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March-April 2015

04/02/15 by David Howell


Market Watch with David Howell from McEnearney Web Team on Vimeo.

You may have heard the term “private exclusive” listing – it refers to a property that is not broadly marketed to the public, but instead, offered by word of mouth or other very limited marketing.

A seller may find this to be an attractive option for a variety of reasons, such as they think they won’t have to put up with the hassle of showing their home to a lot of people, an agent has said they have buyers in that area and price range, or they like the idea that they can enjoy privacy while their home is “quietly” marketed. However, a big disadvantage is the lack of exposure to the full market.

After all, doesn’t it make sense that any commodity is more likely to sell, and at a better price, the more people know about it? The first step for broad exposure is getting a home into the Multiple Listing Service (MLS). That is not because REALTORS® control it or want to limit access to the information – it is precisely the opposite. There are 40,000 agents in the DC Metro Area with buyer clients and the MLS is the on-ramp for the Internet to thousands of broker and agent websites and national and regional real estate search portals. More than 90% of today’s buyers across all price ranges start their home search on the net, so why wouldn’t a seller want to be there?

Decades ago, REALTORS® created the MLS for the express purpose of sharing information. It has created a broad marketplace for the sale and leasing of homes, and most remarkably, established the rules of the road for real estate firms to cooperate with each other while still fiercely competing with each other in the marketplace. The MLS accommodates every business model, from full service to limited service to discounters to tech startups. Most importantly, buyers and sellers alike have benefited from a marketplace that fosters the wide dissemination of information and the market-based transactions that flow from that.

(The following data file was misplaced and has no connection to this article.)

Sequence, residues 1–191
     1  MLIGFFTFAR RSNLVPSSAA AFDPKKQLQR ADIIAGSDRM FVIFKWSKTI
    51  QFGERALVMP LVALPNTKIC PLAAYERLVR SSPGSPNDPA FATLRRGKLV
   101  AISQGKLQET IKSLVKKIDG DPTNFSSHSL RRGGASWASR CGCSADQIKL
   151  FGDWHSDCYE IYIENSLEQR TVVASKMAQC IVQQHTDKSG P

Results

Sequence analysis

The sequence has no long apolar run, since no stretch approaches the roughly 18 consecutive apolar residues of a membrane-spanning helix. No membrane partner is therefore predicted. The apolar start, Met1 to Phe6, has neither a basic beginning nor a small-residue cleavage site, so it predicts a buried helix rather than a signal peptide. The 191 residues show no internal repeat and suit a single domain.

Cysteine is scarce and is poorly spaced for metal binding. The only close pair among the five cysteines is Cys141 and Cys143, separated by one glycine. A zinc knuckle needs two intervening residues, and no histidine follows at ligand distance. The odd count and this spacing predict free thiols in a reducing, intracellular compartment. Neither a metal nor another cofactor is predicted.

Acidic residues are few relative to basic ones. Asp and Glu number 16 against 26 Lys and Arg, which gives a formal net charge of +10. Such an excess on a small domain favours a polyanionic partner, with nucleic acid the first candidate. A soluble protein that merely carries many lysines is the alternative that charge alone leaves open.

Can there be situations where a seller could logically choose to go the “private exclusive” route? Of course, but those situations are few and far between. Every seller should know that no real estate firm and no agent have all the buyers, or even the majority of buyers. Anyone who says otherwise simply isn’t being truthful.

While “private exclusives” exist in all price ranges, they seem to be more prevalent for upper bracket properties. There were 369 homes that sold in the District of Columbia for $1,000,000 or more in the last six months in the MLS. There were 58 different real estate firms, and even more remarkably, 258 different agents representing those buyers.

Additionally, as the table indicates, this broad diversity of firms and agents selling upper bracket homes isn’t any different in Maryland or Virginia. What’s important to note is that most of these buyers never knew about other homes for sale on the market that were tagged “private exclusive” with “quiet” or minimal marketing. Those sellers simply missed out on those buyers – and those buyers missed out on those homes.
Sellers should also consider that privately listing their home could be seen as an intention to screen interested buyers in ways that could appear to be discriminatory. Care has to be taken that no one is excluded from a “private exclusive.”

Think twice if you are a homeowner contemplating a “private exclusive” sale. Ask yourself whether going that route is best for you and whether you would get the best price for your home.


New Contract Activity

  • The number of new contracts ratified in February 2015 was up 1.2% from February 2014.
  • Through the first two months of 2015, the number of new contracts is up 7% compared to the same period last year.
  • 23.5% of all homes going under contract in February had at least one price reduction.


  • The available inventory at the end of February 2015 was down 2.1% from February 2014, and that was the only decrease in the region. All other areas are up by at least 24%.
  • 31.3% of all homes on the market have had at least one price reduction since coming on the market. 
  • Three price categories dropped in inventory and one remained the same.


  • During the past 12 years, the February Urgency Index has been as high as 69.5% and as low as 39.5%.
  • The average February Urgency Index in DC during the past 12 years is 54.2% - which is significantly lower than where it is now. 
  • There was a 1.2% increase in the number of new contracts this February compared to 2014 – but the Urgency Index increased from 61.6% to 65.6%.